When a patent application is filed with United States Patent and Trademark Office, (USPTO) it is assigned to an examiner, who determines if the invention it describes is worthy of receiving patent protection. Primarily, the examiner decides whether or not the invention is novel – and whether or not it is obvious. These two determinations are made by reviewing the known and most relevant pre-existing technology, i.e. the “ prior art” that is closest to the invention. In this second article on the change of our patent system from first to invent to first to file, which occurs on March 16, 2013, I investigate the impact that change will have on how we determine what is prior art.
Under the former first to invent system, any art that was publicly known within a one year “grace period” extending prior to an applicant’s filing date was excluded. Thus, the examiner could not use this excluded art in making his or her novelty and obviousness decisions, even though it was available and “prior” to the inventor’s patent application filing date. Art that existed prior to the applicant’s filing date could also be barred if it nevertheless became known after the applicant’s date of invention. Since, determining the date of invention is oftentimes problematic, so would be ascertaining correctly if certain art was or was not “prior”. This first to invent approach then introduces uncertainty into the patent process, especially with regard to determining obviousness, which may then impact the validity of an issuing patent. It also arguably resulted in somewhat more protracted and expensive patent prosecutions by forcing the examiner to guess as to the invention date and the applicant having to provide proof thereof.
Under a first to file system determining the prior art is more clear. The prior art is defined as any technology that is in the public domain before the applicant’s filing date. So, if someone discloses a technology or files for a patent on that technology one day before another applicant, that disclosure is applicable by the examiner against the later filer. The short term consequence of this change is to, if possible, strongly consider filing a patent application prior to March 16th of this year. The long term consequence is that after that date, inventors do not want to procrastinate with regard to filing a patent application. The sooner they have an idea and they can develop it to the point that they have sufficient information to prepare an application and file, the better. In other words, there is more pressure on applicants to file in a timely manner.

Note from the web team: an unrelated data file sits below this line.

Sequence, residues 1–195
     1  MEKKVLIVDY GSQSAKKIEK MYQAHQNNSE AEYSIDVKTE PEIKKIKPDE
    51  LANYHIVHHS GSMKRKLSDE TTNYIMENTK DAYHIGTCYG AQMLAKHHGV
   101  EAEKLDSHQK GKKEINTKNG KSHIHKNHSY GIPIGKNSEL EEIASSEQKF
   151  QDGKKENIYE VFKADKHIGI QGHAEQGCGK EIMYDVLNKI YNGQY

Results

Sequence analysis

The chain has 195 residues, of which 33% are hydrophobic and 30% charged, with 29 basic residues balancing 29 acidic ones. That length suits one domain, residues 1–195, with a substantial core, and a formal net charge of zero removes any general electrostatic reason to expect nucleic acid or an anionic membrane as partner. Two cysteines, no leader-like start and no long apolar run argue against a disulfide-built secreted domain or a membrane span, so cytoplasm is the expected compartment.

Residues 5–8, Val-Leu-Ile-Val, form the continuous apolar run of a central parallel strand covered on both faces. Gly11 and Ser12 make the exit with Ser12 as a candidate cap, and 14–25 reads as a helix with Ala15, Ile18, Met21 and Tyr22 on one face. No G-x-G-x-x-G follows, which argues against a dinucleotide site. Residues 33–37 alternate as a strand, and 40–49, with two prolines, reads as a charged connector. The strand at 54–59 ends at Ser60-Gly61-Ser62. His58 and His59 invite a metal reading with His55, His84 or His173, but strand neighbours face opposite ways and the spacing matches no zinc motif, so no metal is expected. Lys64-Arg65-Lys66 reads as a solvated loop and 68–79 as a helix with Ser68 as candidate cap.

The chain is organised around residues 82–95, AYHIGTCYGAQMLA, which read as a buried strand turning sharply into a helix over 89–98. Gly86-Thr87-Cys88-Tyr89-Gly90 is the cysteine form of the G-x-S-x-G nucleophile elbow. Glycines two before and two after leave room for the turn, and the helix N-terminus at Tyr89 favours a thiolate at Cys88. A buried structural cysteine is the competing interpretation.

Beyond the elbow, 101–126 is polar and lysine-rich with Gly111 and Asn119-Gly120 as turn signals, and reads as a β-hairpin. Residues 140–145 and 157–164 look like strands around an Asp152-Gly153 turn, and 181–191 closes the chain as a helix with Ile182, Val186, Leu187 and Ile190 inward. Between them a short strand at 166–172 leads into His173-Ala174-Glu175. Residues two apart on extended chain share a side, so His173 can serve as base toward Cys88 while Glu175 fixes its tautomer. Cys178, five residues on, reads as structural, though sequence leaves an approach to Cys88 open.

One surviving aspect of the old law in this new patent law “regime” is the one year grace period with respect to the inventor’s own prior art. In other words, US inventors will still be able to sell their invention or publicly disclose it provided they file their patent application within one year of doing so. Without this provision, the public disclosure of an invention by the inventor would constitute prior art useable by the examiner against a later patent application thereon filed by the same inventor. However, the disclosures of other parties will now be citable against an inventor’s application up to the day they file, so even if an inventor has the ability to wait a year, it probably is not a good idea to do so. Also, most other nations do not have an applicant based prior art exception and strictly require inventors to file first before they make any public disclosure of their invention or otherwise lose their right to obtain patent protection. So, unless you are just interested in patent protection in the US, have your application prepared and filed before you go public with it in any manner.
You might be wondering; “Why did we make this change?” In addition to the more straight forward prosecution and the issuance of stronger patents resulting from more accurate prior art assessments, I believe the major reason was to harmonize US patent law with that of the rest of the world. This was done in order to provide a level playing field for all inventors working in what has been for some time, a global economy. Also, US inventors arguably had an advantage versus foreign inventors to the extent they were able to use the one year grace period to exclude relevant prior art developed overseas.
This situation made it more difficult for business and political leaders in the US to argue for the respect of US IP rights and the prevention of anticompetitive behavior abroad – counterfeiting of US good costs American businesses billions of dollars per year – if we were to a certain extent, susceptible of being charged with protectionist behavior at home. Of course, regardless of the reasons for the change, the change is coming; and don’t forget, if you have an invention that you want to patent, try and file your application before March 16th of this year.
This is part two of recent developments in US Patent Law. Read part one here. For more information, contact Sten Hakanson, Senior Patent Counsel at Foley & Mansfield at 612.338.8788 or email@example.com.